The first “press release” was put out in 1906 by the Pennsylvania Railroad to quell the spread of rumors after a train tragedy on an Atlantic City bridge. The rest, as they say, is history.

Yet while the idea of proactive content distribution has been a favored tactic of PR pros since then, the world has changed around it. Ironically, in this hyper-connected environment of smartphones and social media, we are experiencing the resurgence of "traditional" media.

No longer confined to the exclusive use of print, publishers have shifted to hybrid and all-digital models in order to survive, compete and grow. And along the way, a few have risen to the top.

Part of new media's success in the consumer eye is the redefinition of "professional media" itself.  It's of little surprise that today's consumer far prefers to get their news from a Squarespace blog done professionally rather than a national news program done poorly.

A second reason for the increasing allegiance to new media sources is the returning acceptance of traditional ad-editorial blends. Consumers don't mind seeing an ad on the page anymore, as social media has evolved to become an ad-delivery device of it’s own (ie, “if you’re not paying for it, you’re not the consumer … you’re the product").

To keep the consumers attention, the competitive nature of new media creatives has driven them to be at the top of their game, every minute of the day. The new media are expected to be experts in everything, quicker than a hyperlink, and more entertaining than videos of Diet Coke and Mentos.

In the blink of a generation’s eye, media have gone from non-repo blue pens and paste-up boards to digital pagination and a flood of emails and twitter pitches lighting up their screens (nearby, of course, their phone rarely rings at all).  The new media has watched the Internet rise, fall, and rise again around them.    They’ve heard the proclamations that media is “dead.”   And yet despite it all ...  their trusted voices continue to rise in importance.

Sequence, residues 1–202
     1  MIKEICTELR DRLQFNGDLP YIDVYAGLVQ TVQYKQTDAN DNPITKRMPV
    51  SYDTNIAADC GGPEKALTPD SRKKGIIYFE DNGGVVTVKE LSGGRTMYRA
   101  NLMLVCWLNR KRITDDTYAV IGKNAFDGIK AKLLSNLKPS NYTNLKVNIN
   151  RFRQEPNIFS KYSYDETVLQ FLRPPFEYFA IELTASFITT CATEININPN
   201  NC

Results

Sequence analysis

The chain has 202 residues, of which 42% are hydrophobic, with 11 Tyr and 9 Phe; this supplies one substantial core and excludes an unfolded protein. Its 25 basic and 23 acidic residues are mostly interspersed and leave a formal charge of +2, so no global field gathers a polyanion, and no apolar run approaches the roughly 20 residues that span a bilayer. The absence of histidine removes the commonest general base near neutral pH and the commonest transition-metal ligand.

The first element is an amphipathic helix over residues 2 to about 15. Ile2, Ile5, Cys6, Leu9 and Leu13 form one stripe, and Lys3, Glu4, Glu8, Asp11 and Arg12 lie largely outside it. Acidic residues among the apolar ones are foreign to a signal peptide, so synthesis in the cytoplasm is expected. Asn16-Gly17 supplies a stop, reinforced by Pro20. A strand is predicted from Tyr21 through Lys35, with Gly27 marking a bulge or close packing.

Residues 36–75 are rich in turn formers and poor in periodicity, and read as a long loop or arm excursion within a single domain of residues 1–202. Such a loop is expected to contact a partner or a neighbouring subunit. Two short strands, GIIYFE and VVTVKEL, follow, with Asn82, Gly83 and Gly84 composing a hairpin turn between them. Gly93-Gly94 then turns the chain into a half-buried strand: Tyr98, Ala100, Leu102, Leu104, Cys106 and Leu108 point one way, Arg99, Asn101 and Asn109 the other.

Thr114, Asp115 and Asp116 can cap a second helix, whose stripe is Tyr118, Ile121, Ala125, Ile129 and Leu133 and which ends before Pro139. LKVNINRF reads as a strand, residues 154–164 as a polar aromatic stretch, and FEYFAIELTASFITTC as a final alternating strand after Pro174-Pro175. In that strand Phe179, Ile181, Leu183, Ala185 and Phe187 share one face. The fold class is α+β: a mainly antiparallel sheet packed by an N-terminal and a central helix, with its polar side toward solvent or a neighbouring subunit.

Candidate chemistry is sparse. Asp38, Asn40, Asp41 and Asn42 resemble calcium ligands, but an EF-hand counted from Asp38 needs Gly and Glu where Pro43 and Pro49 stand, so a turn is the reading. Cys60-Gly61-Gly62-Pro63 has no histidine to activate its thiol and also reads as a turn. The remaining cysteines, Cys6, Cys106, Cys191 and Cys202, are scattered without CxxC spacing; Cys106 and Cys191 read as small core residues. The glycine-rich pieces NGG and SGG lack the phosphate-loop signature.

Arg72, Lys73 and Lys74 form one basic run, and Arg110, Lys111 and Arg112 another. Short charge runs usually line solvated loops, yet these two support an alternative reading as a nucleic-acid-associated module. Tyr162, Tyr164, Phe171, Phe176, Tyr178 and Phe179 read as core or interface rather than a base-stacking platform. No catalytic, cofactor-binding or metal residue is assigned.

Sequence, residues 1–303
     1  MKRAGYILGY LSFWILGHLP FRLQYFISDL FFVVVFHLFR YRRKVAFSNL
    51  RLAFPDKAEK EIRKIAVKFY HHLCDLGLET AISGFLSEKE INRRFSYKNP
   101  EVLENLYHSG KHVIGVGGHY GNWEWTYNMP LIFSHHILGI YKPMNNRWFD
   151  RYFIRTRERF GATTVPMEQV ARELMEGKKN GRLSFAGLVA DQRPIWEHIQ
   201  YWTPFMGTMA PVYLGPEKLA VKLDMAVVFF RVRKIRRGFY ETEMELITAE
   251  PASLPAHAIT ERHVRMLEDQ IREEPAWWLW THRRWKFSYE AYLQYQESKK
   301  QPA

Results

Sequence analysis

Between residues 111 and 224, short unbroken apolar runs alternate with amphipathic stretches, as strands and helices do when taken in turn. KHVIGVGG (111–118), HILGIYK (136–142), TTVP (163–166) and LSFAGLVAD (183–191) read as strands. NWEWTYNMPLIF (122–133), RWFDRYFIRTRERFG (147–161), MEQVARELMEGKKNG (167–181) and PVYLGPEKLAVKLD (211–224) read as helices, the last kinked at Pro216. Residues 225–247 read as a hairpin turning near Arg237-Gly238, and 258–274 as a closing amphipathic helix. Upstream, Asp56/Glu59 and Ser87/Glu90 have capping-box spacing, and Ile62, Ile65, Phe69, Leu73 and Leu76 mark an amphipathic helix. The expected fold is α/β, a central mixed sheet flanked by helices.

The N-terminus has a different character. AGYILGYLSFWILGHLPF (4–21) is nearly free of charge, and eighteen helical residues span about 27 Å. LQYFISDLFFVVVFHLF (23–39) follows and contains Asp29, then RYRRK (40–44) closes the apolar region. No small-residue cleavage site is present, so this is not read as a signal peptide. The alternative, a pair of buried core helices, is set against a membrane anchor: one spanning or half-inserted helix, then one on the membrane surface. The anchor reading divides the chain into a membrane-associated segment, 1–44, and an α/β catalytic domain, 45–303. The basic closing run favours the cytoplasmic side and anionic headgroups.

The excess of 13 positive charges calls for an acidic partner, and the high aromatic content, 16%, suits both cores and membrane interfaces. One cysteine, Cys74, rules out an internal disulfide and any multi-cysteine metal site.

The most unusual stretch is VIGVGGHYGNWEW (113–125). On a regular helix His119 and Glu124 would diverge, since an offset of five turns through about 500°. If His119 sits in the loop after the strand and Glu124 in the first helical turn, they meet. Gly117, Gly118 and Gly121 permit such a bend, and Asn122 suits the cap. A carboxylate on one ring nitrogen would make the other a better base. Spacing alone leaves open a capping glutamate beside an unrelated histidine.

Since our founding in 2001, Pale Morning Media campaigns have included a healthy portion of media relations.   While it's within the natural life cycle of clients to come and go, working media are our "forever clients" and receive of a huge measure of our daily attention -- as they should.  

Because of their needs and by their reactions, the media define our tactics.  

The role of public relations is not to blindly create and distribute antiquated press releases.  Instead, it's to consider the message and the audience, and to develop the best possible tools to make the job of the media easier.

Before founding Pale Morning Media, I put a significant amount of blood and sweat into the four-color ink of the newspaper press. Today, I follow the adventures of my old editorial teammates with extreme zeal. I’m their biggest fan, and a huge cheerleader of what they continue to contribute to our culture.
— DS